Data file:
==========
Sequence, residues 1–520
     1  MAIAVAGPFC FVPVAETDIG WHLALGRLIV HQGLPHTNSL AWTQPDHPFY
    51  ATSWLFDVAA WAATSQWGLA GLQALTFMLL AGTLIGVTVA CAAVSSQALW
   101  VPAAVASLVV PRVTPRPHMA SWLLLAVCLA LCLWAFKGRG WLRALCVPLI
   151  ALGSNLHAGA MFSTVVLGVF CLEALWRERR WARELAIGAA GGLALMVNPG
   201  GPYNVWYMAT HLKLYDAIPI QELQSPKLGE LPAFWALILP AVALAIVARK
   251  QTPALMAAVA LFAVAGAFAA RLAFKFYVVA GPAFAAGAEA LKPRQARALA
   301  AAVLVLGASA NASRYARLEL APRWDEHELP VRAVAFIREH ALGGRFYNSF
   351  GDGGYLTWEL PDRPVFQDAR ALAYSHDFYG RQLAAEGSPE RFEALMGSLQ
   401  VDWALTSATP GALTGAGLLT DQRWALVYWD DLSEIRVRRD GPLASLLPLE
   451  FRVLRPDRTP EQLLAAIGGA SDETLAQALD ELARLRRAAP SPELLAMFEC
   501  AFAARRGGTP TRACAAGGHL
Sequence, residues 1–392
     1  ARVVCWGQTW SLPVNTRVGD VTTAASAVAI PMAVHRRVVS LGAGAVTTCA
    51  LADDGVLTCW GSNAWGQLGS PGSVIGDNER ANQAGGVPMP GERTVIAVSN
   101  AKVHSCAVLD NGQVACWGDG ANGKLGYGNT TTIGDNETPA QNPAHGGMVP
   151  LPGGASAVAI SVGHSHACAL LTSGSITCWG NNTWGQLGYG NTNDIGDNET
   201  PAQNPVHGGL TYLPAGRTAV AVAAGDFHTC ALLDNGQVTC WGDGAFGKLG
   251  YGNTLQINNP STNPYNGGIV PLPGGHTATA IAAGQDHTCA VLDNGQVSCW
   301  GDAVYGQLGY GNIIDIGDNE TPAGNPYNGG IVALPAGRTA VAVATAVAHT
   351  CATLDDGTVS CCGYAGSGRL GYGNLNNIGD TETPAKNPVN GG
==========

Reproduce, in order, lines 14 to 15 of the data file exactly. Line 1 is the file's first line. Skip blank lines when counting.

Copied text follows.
     1  ARVVCWGQTW SLPVNTRVGD VTTAASAVAI PMAVHRRVVS LGAGAVTTCA
    51  LADDGVLTCW GSNAWGQLGS PGSVIGDNER ANQAGGVPMP GERTVIAVSN